Monday, 28 May 2018
  • twitter
  • linkedIn
  • blogger

call: +44 (0) 7977 469 741

Email: clive@simcomm.co.uk

Open
About

Clive Simpson - Journalist and writer

Clive Simpson is Managing Editor of 'ROOM - The Space Journal' and also works as a freelance writer and editor for national and regional magazines, newspapers, news websites and media agencies.

He has written hundreds of news and feature articles, annual reports, websites and blogs, as well as contributing to several books.

Clive works extensively in the space and aerospace industries in both the UK and Europe, and was Editor of Spaceflight magazine for 10 years.

Based near Peterborough, he is happy to travel anywhere in the world to cover news stories, write feature articles or report on conferences.

Food sector’s space challenge

The UK’s space, food and agriculture industries met in London this week to assess how space technology can better support future global food and agricultural production.

‘Satellites for Agri-Food’ highlighted how the British farming industry, food manufacturers and producers can access multi-million pound grants to deliver new ideas for increasing production efficiency using satellite and space technology.

It brought together over 150 businesses, entrepreneurs, academics and funders to address current and future challenges, such as climate change, data translation and food security, facing the agriculture and food sectors .

Hosted by the Knowledge Transfer Network (KTN), its purpose was to encourage new collaborative projects to apply for funding in Innovate UK’s latest £3.75 million competition. Grants of £18 million (€25 million) are also available through the European Horizon 2020 agriculture programme.

Dr David Telford, knowledge transfer manager for agriculture with KTN, told delegates the United Nations predicted food production will need to increase by 70 per cent to cope with a world population expected to reach more than nine billion by 2050.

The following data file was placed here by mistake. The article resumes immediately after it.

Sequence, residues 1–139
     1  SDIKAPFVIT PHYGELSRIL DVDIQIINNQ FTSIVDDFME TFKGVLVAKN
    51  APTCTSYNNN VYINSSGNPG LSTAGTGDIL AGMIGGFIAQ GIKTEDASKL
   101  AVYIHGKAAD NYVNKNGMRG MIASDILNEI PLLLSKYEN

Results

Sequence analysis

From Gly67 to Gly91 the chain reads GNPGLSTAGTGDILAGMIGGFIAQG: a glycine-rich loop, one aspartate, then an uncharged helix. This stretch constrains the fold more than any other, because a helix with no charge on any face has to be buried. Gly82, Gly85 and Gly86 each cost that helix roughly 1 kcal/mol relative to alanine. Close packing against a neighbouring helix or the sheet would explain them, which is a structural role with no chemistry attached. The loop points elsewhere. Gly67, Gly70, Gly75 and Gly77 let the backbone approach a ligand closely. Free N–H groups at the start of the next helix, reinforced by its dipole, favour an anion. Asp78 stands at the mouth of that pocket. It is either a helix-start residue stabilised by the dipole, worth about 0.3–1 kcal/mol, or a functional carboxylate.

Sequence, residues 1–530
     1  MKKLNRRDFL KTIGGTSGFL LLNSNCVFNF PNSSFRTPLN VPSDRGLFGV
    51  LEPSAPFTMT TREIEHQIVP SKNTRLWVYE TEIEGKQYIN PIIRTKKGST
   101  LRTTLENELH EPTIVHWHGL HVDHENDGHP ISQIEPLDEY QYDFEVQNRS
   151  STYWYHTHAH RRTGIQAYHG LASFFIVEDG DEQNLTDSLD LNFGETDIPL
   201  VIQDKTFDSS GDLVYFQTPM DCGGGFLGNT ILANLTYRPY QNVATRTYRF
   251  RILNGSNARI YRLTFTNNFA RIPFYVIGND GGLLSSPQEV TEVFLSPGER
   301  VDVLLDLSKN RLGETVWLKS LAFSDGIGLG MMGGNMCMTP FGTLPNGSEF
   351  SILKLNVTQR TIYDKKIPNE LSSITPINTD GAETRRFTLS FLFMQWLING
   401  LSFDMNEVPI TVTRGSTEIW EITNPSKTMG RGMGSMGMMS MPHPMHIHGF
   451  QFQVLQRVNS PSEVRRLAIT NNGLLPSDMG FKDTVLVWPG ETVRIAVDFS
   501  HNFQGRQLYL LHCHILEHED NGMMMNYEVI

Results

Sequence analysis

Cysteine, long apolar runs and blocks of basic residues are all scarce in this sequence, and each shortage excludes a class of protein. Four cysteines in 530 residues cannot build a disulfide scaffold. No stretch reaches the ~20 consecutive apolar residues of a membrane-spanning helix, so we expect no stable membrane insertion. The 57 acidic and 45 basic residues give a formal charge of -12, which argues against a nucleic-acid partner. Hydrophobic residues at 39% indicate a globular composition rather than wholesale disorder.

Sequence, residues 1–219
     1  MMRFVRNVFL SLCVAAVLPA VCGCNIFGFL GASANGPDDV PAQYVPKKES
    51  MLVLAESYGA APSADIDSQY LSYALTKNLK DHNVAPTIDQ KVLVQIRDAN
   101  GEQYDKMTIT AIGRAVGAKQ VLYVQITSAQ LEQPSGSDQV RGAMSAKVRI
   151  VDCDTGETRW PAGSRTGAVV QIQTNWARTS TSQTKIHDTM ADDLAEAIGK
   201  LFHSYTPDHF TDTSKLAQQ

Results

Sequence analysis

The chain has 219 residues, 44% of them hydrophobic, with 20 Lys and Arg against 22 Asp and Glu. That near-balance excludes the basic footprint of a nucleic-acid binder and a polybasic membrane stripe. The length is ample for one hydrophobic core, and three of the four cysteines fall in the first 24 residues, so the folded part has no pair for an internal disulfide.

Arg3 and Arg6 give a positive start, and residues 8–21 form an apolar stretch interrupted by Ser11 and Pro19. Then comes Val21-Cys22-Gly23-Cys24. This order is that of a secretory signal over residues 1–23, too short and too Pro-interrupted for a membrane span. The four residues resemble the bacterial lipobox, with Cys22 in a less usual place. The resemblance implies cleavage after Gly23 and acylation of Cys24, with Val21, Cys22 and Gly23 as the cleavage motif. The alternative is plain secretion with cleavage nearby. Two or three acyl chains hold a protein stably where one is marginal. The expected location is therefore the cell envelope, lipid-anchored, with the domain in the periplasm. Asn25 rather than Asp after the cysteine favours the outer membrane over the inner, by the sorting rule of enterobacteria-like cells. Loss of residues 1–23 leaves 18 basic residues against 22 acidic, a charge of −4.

“This will be a major challenge for the global food system which will have to balance demand with sustainable supplies, as well as meeting the challenges of a low emissions world and maintaining biodiversity,” he said.

Keston Williams, technical director of south coast-based semi-exotic produce specialist Barfoots, highlighted the possibilities that driver-less tractors and greater data connectivity could bring to the food sectors and encouraged the industry to “delve into the world of space”.

Simon Baty, knowledge transfer manager for food with KTN, described the event as about “seizing the opportunity” of collaboration. “It is through collaboration that companies will be able to grow more and sell more by adding value,” he said.

The ‘Satellites for Agri-Food’ competition is open to all companies involved in the food, agriculture and space industries. Projects must be collaborative and business-led, and applications can be submitted from 16 November up to the final deadline of 24 February 2016.

For full details about the competition click here and to find out more about KTN click here.

<< Back To News

Contact
Contact
  • twitter
  • linkedIn
  • blogger

call: +44 (0) 7977 469 741

Email: clive@simcomm.co.uk

Name*

Email*

Message

*Required fields